Nonprofit Growth

Conflict of Interest Policy: How to Protect Your Organization

Conflict of Interest Policy for Nonprofits

The basic definition of a conflict of interest is when a person or an organization has two competing relationships that potentially work against one another. Different countries may have different priorities when it comes to defining what it means for something to be a conflict of interest.

In the United States, an inappropriate financial gain or benefit from individuals is often centered in definitions by local, state, or federal authorities. Meanwhile, many countries in Europe tend to center the definition of a conflict of interest not on individual benefits but on underlying interests or responsibilities, viewing individual benefit as just one type of conflict of interest.

Although many people think of business relationships when it comes to conflicts of interest, they can exist in both personal and professional realms. Within a business context, conflicts of interest include things like nepotism, or providing favors to family and friends, or self-dealing, when a person takes actions that benefit their own interests instead of an organization’s interests. Nepotism can come into play when an employee hires someone that they know or gives them a preference for a job despite them possibly not being the best candidate for the job. Self-dealing may occur when people, such as public officials, are bribed in order to pass laws that benefit an organization, or when an employee accepts compensation or gifts in exchange for doing something that hurts the organization. Other areas, such as investments, funding, liabilities, ownership, employment, etc., can all be immensely impacted by conflicts of interest.

However, it is also important to remember that many situations that contain a conflict of interest do not need to be immediately shut down. For example, if an organization is looking to hire someone for a role and a board member has a connection with a candidate, this does not mean that the candidate should automatically be dismissed or disqualified from the list of applicants. Instead, that specific board member should not be involved in the hiring process and should not try to help the candidate get hired. Jan Masaoka, the CEO of the California Association of Nonprofits, says that many people “focus only on matters of financial gain” and too quickly judge any relationship that they personally do not like as a “conflict of interest”. This can end up hurting the organization if that candidate truly was the best fit for the position or was adequately qualified but rejected due to a perceived conflict of interest. This is why it is incredibly important to assess all situations carefully and make sure you have a well-thought-out process in place for dealing with conflicts of interest.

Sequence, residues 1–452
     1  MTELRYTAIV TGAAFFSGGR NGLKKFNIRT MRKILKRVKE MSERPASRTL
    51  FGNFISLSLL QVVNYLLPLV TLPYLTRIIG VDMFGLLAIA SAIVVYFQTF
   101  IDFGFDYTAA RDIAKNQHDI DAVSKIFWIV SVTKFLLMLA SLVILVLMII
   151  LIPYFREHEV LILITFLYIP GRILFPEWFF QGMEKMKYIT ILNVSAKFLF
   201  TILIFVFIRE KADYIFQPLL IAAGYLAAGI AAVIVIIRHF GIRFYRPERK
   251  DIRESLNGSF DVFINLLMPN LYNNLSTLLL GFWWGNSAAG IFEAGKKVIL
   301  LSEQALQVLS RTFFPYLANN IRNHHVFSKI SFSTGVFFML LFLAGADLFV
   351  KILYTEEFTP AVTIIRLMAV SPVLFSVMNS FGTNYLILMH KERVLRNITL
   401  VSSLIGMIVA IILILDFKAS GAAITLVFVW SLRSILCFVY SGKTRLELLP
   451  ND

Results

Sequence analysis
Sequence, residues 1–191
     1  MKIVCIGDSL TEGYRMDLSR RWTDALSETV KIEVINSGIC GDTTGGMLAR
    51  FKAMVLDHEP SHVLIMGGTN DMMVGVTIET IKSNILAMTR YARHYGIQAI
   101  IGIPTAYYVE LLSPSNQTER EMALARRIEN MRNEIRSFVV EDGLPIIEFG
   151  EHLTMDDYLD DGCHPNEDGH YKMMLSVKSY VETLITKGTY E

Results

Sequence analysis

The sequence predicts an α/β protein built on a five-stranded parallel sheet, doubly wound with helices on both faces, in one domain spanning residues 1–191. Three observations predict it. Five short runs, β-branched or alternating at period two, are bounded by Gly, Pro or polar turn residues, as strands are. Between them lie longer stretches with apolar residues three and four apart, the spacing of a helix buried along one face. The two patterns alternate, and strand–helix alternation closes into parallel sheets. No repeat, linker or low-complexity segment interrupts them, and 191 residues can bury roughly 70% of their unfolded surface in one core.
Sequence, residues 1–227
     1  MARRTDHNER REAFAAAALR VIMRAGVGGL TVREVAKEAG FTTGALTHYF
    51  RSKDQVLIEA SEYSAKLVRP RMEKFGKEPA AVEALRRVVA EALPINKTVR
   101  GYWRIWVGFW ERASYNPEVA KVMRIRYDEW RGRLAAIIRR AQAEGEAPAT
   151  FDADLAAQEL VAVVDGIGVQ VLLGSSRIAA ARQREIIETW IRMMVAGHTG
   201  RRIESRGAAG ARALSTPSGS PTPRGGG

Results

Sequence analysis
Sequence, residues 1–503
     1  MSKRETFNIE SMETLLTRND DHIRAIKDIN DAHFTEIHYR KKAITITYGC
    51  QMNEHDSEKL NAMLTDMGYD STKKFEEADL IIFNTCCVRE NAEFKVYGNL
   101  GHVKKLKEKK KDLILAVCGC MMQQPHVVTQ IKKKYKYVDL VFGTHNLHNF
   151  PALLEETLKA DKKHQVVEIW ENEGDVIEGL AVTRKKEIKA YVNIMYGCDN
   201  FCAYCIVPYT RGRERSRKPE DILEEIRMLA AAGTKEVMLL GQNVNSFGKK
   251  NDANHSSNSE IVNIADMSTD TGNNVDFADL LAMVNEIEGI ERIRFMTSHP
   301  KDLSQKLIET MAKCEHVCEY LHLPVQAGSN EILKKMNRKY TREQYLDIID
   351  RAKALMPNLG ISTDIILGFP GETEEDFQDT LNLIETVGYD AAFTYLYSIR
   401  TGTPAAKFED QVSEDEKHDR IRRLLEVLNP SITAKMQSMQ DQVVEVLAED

The Implications of Conflicts of Interest

Conflicts of interest can have a variety of serious negative effects for anyone involved if the situation is not addressed appropriately or correctly. First, a lack of trust, miscommunication, or inauthentic environment between executives, employees, board members, or staff could persist and cause a lack of productivity or efficiency in the workplace that may decrease performance. Depending on the situation, a poorly handled conflict of interest could also harm the reputation and/or image of an organization. Not only can this be bad for an organization’s overall credibility, but it could also lead to a drop in funding, donations, or even volunteers or public willingness to help.

Besides the moral and business-related implications that a conflict of interest may cause, they also often have legal repercussions, as certain forms are illegal. While simply having a conflict of interest is not usually illegal, addressing the conflict of interest inappropriately is where many problems can arise. If someone is found guilty of putting their interests first in a conflict of interest, they may be fined up to $10,000, be sentenced to prison for up to two years, or both. This is because of how extreme the consequences of a conflict of interest can be, especially for smaller or less-funded organizations. Since 2012, Federally Funded Health Researchers disclosed that there were about 8,000 “significant” conflicts of interest, adding up to a minimum of $188 million dollars. 

The existence of conflicts of interest is not inherently harmful, but how they are handled is where things can become problematic. One way to work to avoid the damage and destruction often caused by conflicts of interest is to create a conflict of interest policy for your organization. All nonprofit organizations should have at least some form of conflict of interest policy set up.

How to Form a Conflict of Interest Policy